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Wait Time Management: Why The Problem With Waiting Isn't Waiting

by Jenna Hanington, Director of Marketing, Clockwise.MD

Whether you’re a healthcare provider, physician, medical director, or healthcare IT professional, you’re able to look at what you do from two different perspectives: that of a healthcare professional providing a service, and that of a patient, or consumer.  

When viewing the waiting process from this dual lens, frustration exists on both sides. On the side of the provider, unforeseen circumstances can completely upset a day’s workflow, leading to irritation and stress as patient flows are disrupted and restored. From the perspective of a patient, any wait that is uncertain, longer than expected, unfair, or unexplained can turn a positive experience into a negative one — and that threshold can be surpassed in a matter of minutes, according to a recent study by Vitals.  

In fact, the Vitals study indicates that patient satisfaction drops off dramatically as soon as wait times reach twenty minutes — only one minute higher than the national average of 19 minutes, 19 seconds.  It’s a tricky balancing act, and one that many may consider “out of their control.” But here’s the dirty truth:

It’s not about the length of the wait.

Contrary to popular belief, the emotions we associate with waiting are triggered less by the duration of the wait and more by whether our expectations are met--or unmet.  Consider the frustration inherent in the following scenarios:

Scenario A. You input an address into your GPS during traffic hour and are given a route that should take 45 minutes. It takes you over an hour, despite assurances that it was the fastest route.

Scenario B. You walk into an urgent care clinic and have a seat to wait your turn, but another walk-in patient arrives and is called back before you.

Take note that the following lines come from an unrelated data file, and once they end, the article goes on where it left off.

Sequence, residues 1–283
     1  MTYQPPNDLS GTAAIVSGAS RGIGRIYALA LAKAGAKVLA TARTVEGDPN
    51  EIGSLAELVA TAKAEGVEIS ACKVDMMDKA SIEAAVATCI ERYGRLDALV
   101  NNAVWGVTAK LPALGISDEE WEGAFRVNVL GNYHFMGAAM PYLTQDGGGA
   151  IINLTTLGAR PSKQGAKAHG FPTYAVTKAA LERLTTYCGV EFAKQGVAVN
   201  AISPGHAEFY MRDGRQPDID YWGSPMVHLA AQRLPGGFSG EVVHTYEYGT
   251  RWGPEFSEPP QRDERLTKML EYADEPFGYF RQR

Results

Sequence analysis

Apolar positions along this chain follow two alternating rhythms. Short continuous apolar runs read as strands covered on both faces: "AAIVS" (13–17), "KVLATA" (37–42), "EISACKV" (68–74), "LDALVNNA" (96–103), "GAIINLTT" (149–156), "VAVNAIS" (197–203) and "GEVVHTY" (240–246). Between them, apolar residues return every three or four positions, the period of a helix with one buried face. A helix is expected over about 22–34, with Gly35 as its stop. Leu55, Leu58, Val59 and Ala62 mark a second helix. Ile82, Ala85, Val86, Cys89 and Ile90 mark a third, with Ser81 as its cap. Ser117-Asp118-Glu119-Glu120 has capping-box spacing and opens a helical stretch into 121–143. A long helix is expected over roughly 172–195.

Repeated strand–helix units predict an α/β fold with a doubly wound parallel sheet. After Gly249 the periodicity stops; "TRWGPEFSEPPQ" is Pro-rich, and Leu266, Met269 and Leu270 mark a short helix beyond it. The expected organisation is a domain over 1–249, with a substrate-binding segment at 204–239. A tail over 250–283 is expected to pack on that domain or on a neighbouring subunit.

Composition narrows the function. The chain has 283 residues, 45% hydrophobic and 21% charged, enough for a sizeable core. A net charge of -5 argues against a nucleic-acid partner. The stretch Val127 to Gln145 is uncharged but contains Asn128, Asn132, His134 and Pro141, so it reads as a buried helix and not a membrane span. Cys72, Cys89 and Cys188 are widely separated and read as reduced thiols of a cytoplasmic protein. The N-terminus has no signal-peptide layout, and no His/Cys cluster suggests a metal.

Scenario C. You’re told that your wait at the DMV will be 30 minutes, but it’s been 45 and you haven’t heard a peep. If you’d known it would take this long…

In each of these scenarios, it’s not necessarily the time that frustrates you, but your unmet expectations.  

Fortunately, there are a number of ways that healthcare providers can inject transparency into the waiting process, helping to create realistic expectations for patients from the outset.  These solutions are especially useful for practices that cater to a high volume of walk-in patients, or a mixture of walk-in and scheduled appointments.

1. Give your prospective patients an alternative to your waiting room.  

Consider offering flexible reservations on your website and other web properties. Then, allow patients to check in, view the current wait status, and wait from the comfort of their home or a nearby coffee shop. Send them a text message when they’re ready to be seen. This puts the patient back in control of the waiting experience, and gives them greater flexibility over their time.

2. Be transparent about delays.

Keep patients up-to-date and informed. If you experience a delay, be proactive in your communication. Send a quick text message conveying that there’s a delay, and include some information about the impact on the patient. Will their reservation be pushed back 30 minutes? An hour?

You can also use an in-lobby waiting room TV or screen to display wait status and delay information, so that patients waiting in your lobby are always know where they stand in the queue.

3. Remove uncertainty and unfairness.

Remove the perception of unfairness by giving patients insight into their position in the queue. When a patient checks in, let them know that patients in front of them in line may be waiting somewhere other than in the waiting room. This will prevent patients in your lobby from getting upset when someone with a reservation is called back upon arrival.

4. Collect feedback.

It’s hard to improve without any insight into what you could be doing better. Many practices are moving toward a one-question (Net Promoter Score™), post-discharge survey to better gauge patient satisfaction. As you work toward a more optimized waiting process, keep an eye on your scores for any expected improvements.

5. Automate and iterate.

Finally, use technology to automate these processes. For example, automate the survey process so that a text message survey is automatically sent to patients after discharge. With many of these processes on autopilot, you can focus your resources where they’re needed most.

clockwise

The important thing to keep in mind is that you can dramatically improve the patient experience without actually making the wait any shorter. It’s all about addressing patient expectations at the source.

Interested in learning more about the psychology of waiting? Download the full white paper here.


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